Sometimes doubleheaders are the last thing a struggling team wants to see. Sometimes doubleheaders serve as an eraser for a bad series.
Today counts as the latter. After embarrassing themselves losing three of four to the cellar-dwelling Philadelphia Athletics, the White Sox recovered to sweep a doubleheader against the respectable New York Yankees — and both games in dramatic fashion.
In the opener, Eddie Cicotte outlasted George Mogridge after outpitching him. Mogridge found way to escape several jams while Cicotte had a much easier time, but the game entered the 10th inning 1-1 regardless.
That’s when Happy Felsch struck for the first of two big hits on the afternoon. Buck Weaver singled off Mogridge with one out, then took second on Eddie Collins’ bunt (which was scored as a sacrifice, but appeared to be an attempt at a single). Regardless of intent, advancing the runner paid off when Felsch hit a chopper over the outstretched mitt of first baseman Wally Pipp to score Weaver for the walk-off single.
Cicotte improved to 14-6 and lowered his ERA to 1.21 for his effort — 10 innings, seven baserunners, one run.
The Sox’ second victory was even more dramatic, because the Sox looked dead before they even came to the plate. Jim Scott “was maltreated before the announcer had finished megaphoning his name to the crowd,” the Chicago Tribune said. He retired just one of three batters he faced, and even stranger, he was pulled after recording the first out. He gave up a single and a double before a lineout, so perhaps Pants Rowland didn’t like the quality of contact.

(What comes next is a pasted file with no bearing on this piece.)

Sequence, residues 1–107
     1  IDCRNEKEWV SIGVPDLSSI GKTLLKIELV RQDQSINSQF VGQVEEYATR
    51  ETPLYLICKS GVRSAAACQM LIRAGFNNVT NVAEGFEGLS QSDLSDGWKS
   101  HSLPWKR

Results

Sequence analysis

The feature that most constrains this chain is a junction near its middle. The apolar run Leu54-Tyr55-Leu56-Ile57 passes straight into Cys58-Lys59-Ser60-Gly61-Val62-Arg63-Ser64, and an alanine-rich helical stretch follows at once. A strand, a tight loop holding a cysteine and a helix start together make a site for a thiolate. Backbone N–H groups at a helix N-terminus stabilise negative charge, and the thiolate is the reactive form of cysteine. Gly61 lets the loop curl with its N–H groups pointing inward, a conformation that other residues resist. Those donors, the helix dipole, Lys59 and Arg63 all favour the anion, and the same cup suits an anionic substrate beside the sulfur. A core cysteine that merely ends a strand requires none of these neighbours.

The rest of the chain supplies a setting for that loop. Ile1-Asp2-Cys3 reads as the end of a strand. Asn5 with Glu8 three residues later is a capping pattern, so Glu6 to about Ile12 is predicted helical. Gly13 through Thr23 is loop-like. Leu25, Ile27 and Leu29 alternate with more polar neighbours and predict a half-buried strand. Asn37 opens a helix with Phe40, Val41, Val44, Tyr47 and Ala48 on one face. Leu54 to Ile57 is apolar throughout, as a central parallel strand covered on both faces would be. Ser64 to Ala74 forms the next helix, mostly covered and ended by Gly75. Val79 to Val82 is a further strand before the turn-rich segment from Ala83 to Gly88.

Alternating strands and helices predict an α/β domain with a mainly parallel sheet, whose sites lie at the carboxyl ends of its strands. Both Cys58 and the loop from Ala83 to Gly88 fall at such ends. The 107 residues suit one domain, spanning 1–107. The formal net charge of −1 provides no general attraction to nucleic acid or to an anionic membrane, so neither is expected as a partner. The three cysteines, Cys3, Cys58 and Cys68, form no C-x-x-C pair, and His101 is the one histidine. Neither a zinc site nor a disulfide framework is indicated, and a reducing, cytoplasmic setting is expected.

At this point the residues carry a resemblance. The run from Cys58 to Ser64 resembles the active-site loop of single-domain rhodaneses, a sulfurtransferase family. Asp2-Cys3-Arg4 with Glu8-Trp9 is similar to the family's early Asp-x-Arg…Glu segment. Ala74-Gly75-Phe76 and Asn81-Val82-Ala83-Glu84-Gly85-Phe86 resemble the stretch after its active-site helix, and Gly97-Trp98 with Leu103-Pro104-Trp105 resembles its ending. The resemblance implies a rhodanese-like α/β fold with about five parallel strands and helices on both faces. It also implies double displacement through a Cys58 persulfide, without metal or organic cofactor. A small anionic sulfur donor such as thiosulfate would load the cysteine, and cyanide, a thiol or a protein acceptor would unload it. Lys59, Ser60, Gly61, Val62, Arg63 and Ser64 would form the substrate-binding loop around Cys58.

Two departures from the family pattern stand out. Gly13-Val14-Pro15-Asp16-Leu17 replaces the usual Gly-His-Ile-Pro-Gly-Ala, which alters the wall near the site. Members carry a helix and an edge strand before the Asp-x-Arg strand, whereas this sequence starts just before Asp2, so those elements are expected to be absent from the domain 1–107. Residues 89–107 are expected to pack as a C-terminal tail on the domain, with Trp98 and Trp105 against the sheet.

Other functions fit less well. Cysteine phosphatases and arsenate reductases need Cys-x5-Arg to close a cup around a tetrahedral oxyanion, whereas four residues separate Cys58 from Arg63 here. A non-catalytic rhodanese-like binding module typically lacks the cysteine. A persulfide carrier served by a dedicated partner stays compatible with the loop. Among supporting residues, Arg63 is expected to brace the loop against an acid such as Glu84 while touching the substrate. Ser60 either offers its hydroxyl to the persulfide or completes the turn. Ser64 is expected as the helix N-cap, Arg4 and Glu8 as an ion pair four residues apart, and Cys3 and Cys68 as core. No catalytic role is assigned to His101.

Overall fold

Dave Danforth didn’t help much initially, giving up a pair of doubles before the close of the first inning that allowed the Yankees to take an immediately 3-0 lead.
But Danforth hunkered down, holding the Yankees scoreless over the next five innings before Rowland lifted him for pinch-hitter Eddie Murphy, whose single contributed to the Sox’ first scoring rally in the sixth inning.
Reb Russell took over with the Sox trailing 3-1, and he ended up taking the victory. For his part, he held the Yankees to a mere walk over three scoreless innings, and it was erased by a rave-worthy game-ending 5-4-3 double play.
Russell also benefited from a four-run explosion in the eighth inning. Bob Shawkey had kept the Sox in check through seven, but he started the next frame with a walk to Ray Schalk. Russell flied out, but Nemo Leibold and Weaver singled, the second scoring Schalk to make it a one-run game.
In came Nick Cullop, but he didn’t have any better luck. He got Collins to hit a bouncer to third base, but Pipp dropped the throw across the diamond from Home Run Baker to load the bases. The Yankees played the infield in for Felsch, who thwarted the maneuver with a two-run single to center for his second go-ahead hit of the day. The Sox tacked on one more insurance run that Russell didn’t need for a 5-3 victory.
The doubleheader sweep, combined with a Boston loss, allowed the White Sox to lead the previously tied American League by a game and a half.